The companies predict that the technology will become a valuable component of integrated management strategies on-farm with both feed and water applications under investigation.
Phages are viruses that target specific bacteria, helping to keep nature in balance. They have been known about for more than 100 years and have been used to treat bacterial infections in humans, particularly in eastern Europe, where for many years antibiotics were not as readily available as in the West.
Controlled delivery of phages, using precision biological tools promises to reduce antibiotic usage, overcoming the growing threat of antibiotic resistant bacteria, as well as to increase sustainability in aquaculture and agriculture and to improve human health.
Proteon, a leader in the field, is based in Łódź, Poland. The company’s chief executive, Matthew Tebeau, said: “Using phage technology for aquaculture is an exciting development. With Proteon’s expertise in phage development and Skretting’s expertise in health, we will work together to identify phages that will target specific bacteria, which we hope will significantly reduce these health challenges for farmers.”
In the initial phases of the project, Skretting will isolate the most prevalent specific strains of bacteria, while Proteon will determine the most effective complementary groups of phages. Skretting Aquaculture Research Centre (ARC) researchers will then examine the efficacy of the phages during challenge trials.
The project timeline is around 4-5 years, but both Skretting and Proteon Pharmaceuticals are confident that the resultant health solutions are worth the wait, the companies said in a press release. With anti-microbial resistance (AMR) still looming as a serious threat facing the global population, natural health strategies are increasingly important for food producing industries.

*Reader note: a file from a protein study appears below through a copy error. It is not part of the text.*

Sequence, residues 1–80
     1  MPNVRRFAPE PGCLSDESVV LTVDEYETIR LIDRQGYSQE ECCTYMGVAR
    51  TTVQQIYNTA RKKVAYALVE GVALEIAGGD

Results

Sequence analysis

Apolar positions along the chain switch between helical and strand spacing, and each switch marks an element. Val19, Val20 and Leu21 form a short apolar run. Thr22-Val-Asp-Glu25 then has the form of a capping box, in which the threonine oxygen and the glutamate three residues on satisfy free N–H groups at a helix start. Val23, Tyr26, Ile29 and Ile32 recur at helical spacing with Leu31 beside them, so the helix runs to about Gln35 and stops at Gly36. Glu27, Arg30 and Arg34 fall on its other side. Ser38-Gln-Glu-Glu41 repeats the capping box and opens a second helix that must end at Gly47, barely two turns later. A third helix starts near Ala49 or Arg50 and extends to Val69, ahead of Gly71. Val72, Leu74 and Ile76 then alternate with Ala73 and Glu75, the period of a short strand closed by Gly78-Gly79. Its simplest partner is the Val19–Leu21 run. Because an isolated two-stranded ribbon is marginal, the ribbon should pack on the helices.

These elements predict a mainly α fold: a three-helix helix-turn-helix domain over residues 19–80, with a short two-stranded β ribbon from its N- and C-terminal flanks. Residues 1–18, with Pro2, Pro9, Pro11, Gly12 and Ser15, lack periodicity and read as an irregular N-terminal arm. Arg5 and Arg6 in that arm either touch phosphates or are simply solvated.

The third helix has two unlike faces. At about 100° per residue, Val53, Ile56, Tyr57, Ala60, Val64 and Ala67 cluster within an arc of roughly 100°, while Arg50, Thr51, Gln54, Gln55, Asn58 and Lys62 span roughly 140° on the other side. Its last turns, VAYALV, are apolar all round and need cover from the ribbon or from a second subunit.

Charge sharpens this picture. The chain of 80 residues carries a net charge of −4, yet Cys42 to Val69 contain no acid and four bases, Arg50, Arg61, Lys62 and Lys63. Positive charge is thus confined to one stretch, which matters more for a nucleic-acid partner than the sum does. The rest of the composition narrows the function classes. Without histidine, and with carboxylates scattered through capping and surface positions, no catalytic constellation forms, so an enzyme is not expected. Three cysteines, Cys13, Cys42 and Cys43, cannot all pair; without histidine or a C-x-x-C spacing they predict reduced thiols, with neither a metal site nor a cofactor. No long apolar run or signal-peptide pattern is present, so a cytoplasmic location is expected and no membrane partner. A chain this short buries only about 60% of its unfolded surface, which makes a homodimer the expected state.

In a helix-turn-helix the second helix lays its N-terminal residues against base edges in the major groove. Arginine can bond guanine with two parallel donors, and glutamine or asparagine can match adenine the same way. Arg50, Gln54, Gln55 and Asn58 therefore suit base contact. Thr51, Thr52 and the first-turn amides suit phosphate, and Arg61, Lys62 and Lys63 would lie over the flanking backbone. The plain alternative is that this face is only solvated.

“Products based on bacteriophages are an effective tool for fighting bacterial diseases in farmed fish and shrimp, as they can eliminate only the specific pathogenic bacteria while not damaging the animal’s microbiome,” said Truls Dahl, business developer at Skretting.
“Having alternatives to antibiotics to support the health of fish and shrimp is a very exciting part of the development. Vaccines, antibiotics and indeed phage technologies have been around for a long time, but the use of phages is still quite new for aquaculture.”
“It’s not every day you introduce a new technology to improve animal health,” said Skretting chief executive Therese Log Bergjord. “This is a milestone and highlights our commitment to continue to invest in health research for the sustainability of the aquaculture industry as a whole.”
Skretting is not the only company investigating the use of phages.
Norwegian aquaculture pharmaceuticals, biosecurity and specialist feed company STIM markets a phage-based product, CUSTUS YRS, used to control Yersinia bacteria in bio-filters, well boats and production water and prevent outbreaks of yersiniosis.
The additive contains five hundred thousand billion Yersinia-killing phages per litre. As these are added in high density to production water or bio-filters an upper limit for the concentration of Yersinia ruckeri that can possibly prevail in the water is quickly established.
The product is currently only available in Norway, but work is under way to make it available in Scotland, Chile and other salmon producing countries.
In Scotland, Glasgow-based start-up Fixed Phage has developed technology to adapt and attach phages to packaging and feeds without the phages dying. The company says feeds coated with its aquaPHIX solutions have been shown to sustainably produce significantly improved outcomes. Examples include early mortality syndrome (EMS) in shrimp.
Fixed Phage is engaged in field trials with leading commercial partners to expedite commercialisation.